Dawit N.M. on Shane Rocheleau - Rocket Science

Dawit N.M. on Shane Rocheleau

Dawit N.M. (b. 1996) was born in Ethiopia and moved to America at the age of 7. His experience in Ethiopia led him to have a different perspective on life and also a different level of appreciation for living in America. Countless hours of time spent on the internet developed his interest in film and later photography. His fascination towards community, family, and intrapersonal conflicts leads him to use both mediums to help shed light on truths that are hidden from the world and even the individual.

Dawit N.M. →


Shane Rocheleau was born in Falmouth, Massachusetts in 1977. He received his BA in Psychology and English from St. Michael’s College in Vermont, a Post- Baccalaureate Certificate in Fine Art from Maryland Institute College of Art, and his MFA in Photography and Film from Virginia Commonwealth University. He has taught photography as an Assistant Professor of Art at St. Norbert College in Wisconsin, as an Adjunct at numerous institutions, and presently serves as an Adjunct Assistant Professor at VCU.
His first monograph, You Are Masters Of The Fish And Birds And All The Animals, will be published in April, 2018, by Gnomic Book. He currently lives and works in Richmond, Virginia.

Shane Rocheleau →

left: Shane Rocheleau, right: Dawit N.M., throughout the article.

“In order to be a mentor and an effective one, one must care.” – Maya Angelou

Shane Rocheleau cares a lot.

Shane and I crossed paths during my second year in college where I was a student in one of his classes. An analog photographer teaching a tech junkie. I thought it was a strange mix at first, but I soon realized the value of the contrast. In a world where I was used to the fast pace lifestyle fueled by technology, Shane slowed things down for me.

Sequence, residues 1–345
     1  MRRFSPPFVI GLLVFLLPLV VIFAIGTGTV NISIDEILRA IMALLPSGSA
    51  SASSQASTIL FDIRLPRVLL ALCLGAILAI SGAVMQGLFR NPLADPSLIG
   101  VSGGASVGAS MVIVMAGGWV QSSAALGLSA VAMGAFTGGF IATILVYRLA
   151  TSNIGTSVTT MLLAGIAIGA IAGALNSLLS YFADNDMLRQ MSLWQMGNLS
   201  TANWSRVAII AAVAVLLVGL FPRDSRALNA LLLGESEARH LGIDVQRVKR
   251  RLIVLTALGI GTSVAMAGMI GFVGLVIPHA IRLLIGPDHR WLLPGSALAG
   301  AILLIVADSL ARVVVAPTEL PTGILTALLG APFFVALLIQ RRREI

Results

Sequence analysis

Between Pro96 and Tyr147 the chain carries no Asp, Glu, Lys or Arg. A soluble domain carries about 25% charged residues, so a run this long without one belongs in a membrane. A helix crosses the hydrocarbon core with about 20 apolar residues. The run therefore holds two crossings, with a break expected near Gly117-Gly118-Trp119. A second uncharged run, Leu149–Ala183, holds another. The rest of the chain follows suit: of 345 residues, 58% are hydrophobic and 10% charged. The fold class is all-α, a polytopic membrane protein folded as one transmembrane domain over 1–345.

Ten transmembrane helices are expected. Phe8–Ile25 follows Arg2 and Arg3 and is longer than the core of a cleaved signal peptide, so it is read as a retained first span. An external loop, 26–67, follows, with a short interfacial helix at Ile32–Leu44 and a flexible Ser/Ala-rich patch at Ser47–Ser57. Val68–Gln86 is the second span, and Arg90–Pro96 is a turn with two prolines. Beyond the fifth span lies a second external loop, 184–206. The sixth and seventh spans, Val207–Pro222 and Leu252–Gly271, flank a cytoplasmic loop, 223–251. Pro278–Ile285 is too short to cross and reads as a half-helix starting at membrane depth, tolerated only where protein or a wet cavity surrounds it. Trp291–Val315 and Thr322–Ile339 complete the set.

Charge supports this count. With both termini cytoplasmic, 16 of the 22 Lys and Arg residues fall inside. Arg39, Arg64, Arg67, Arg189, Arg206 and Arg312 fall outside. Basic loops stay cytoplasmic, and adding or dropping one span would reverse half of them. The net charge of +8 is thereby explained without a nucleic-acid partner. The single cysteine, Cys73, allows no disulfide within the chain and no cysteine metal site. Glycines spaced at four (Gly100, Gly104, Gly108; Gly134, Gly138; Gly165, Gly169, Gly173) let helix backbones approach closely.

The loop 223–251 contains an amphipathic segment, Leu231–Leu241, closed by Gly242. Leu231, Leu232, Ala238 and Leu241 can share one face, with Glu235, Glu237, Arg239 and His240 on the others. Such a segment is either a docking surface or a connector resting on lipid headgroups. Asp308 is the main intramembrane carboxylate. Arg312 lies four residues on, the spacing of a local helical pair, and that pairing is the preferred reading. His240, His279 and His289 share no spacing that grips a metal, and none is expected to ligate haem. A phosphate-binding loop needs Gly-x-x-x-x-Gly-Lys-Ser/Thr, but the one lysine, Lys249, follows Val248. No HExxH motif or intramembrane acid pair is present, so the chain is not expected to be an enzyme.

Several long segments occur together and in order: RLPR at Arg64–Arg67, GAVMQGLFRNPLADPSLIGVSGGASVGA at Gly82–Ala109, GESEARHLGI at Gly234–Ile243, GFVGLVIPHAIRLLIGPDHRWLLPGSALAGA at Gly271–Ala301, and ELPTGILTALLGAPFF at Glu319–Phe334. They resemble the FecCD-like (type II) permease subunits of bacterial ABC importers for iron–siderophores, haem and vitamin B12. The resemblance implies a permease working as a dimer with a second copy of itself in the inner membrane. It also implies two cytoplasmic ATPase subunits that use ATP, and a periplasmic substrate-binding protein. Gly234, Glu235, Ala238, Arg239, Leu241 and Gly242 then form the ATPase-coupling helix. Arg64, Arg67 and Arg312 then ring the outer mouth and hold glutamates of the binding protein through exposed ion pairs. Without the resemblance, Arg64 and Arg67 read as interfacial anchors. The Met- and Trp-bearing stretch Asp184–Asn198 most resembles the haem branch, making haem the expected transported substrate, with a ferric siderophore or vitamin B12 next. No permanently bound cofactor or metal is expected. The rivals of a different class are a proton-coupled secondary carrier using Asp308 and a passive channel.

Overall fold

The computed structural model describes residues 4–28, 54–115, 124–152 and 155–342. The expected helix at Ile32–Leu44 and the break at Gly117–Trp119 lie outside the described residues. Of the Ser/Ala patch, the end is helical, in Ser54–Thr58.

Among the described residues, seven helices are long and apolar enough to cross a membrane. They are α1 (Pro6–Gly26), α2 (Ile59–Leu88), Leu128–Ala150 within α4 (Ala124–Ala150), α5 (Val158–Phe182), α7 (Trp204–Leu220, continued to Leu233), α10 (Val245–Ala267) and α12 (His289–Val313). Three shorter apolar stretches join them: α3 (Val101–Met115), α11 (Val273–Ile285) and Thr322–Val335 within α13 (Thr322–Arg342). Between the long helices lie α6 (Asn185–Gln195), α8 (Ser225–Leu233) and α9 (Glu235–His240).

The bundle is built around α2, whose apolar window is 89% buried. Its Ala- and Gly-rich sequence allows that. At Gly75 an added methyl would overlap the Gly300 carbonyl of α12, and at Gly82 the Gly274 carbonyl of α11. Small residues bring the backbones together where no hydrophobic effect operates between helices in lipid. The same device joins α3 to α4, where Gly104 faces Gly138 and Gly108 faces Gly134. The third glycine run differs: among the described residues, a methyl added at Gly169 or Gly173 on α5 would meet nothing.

Shane is a person whose words I will carry on and pass down for generations to come. His lectures dug deeper than the realm of photography; he spoke about life, humanity and love. I was able to see the world and the people that inhabit it in a different light through the lessons he taught me.

I remember one day, he told his class that all humans are the same and that the idea of individuality is exploited and distorted so that people fail to realize that we are all the same. I was in awe when I heard this because all of my life, I viewed the world as if it was revolving around me and failed to realize everyone felt the same. After the epiphany, my sense of empathy for others heightened and it started to show in my work.
Shane’s approach to photography was one that I was not familiar with. It was very slow and thoughtful. He took the time to get to know the person. The landscape. He revisited spots different at times of the day to find the best natural lighting situation. When he ultimately takes the photograph, he also takes his time and make sures that the content he has framed not only speaks truthfully, but is conscious, also, of its historical value.